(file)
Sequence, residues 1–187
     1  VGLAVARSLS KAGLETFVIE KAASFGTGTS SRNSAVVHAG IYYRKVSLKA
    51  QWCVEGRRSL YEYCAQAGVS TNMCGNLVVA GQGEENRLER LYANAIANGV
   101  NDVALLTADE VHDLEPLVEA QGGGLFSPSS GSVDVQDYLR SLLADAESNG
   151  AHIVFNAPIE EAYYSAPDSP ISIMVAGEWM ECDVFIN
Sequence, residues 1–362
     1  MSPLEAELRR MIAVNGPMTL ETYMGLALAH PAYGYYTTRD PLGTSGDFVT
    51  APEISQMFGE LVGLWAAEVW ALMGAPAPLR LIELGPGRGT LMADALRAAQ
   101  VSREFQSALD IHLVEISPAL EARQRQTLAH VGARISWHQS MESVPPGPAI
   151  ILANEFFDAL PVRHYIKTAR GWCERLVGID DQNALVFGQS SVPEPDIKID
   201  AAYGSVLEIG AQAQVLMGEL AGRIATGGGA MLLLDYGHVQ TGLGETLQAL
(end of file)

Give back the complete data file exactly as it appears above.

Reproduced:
Sequence, residues 1–187
     1  VGLAVARSLS KAGLETFVIE KAASFGTGTS SRNSAVVHAG IYYRKVSLKA
    51  QWCVEGRRSL YEYCAQAGVS TNMCGNLVVA GQGEENRLER LYANAIANGV
   101  NDVALLTADE VHDLEPLVEA QGGGLFSPSS GSVDVQDYLR SLLADAESNG
   151  AHIVFNAPIE EAYYSAPDSP ISIMVAGEWM ECDVFIN
Sequence, residues 1–362
     1  MSPLEAELRR MIAVNGPMTL ETYMGLALAH PAYGYYTTRD PLGTSGDFVT
    51  APEISQMFGE LVGLWAAEVW ALMGAPAPLR LIELGPGRGT LMADALRAAQ
   101  VSREFQSALD IHLVEISPAL EARQRQTLAH VGARISWHQS MESVPPGPAI
   151  ILANEFFDAL PVRHYIKTAR GWCERLVGID DQNALVFGQS SVPEPDIKID
   201  AAYGSVLEIG AQAQVLMGEL AGRIATGGGA MLLLDYGHVQ TGLGETLQAL